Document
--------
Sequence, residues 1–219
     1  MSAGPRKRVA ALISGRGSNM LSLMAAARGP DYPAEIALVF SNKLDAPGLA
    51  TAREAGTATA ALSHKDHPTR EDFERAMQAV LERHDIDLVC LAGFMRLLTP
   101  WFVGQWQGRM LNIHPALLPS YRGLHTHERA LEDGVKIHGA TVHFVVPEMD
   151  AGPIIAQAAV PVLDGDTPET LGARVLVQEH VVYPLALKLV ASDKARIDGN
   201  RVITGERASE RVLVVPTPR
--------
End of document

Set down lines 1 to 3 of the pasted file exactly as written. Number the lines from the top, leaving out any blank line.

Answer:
Sequence, residues 1–219
     1  MSAGPRKRVA ALISGRGSNM LSLMAAARGP DYPAEIALVF SNKLDAPGLA
    51  TAREAGTATA ALSHKDHPTR EDFERAMQAV LERHDIDLVC LAGFMRLLTP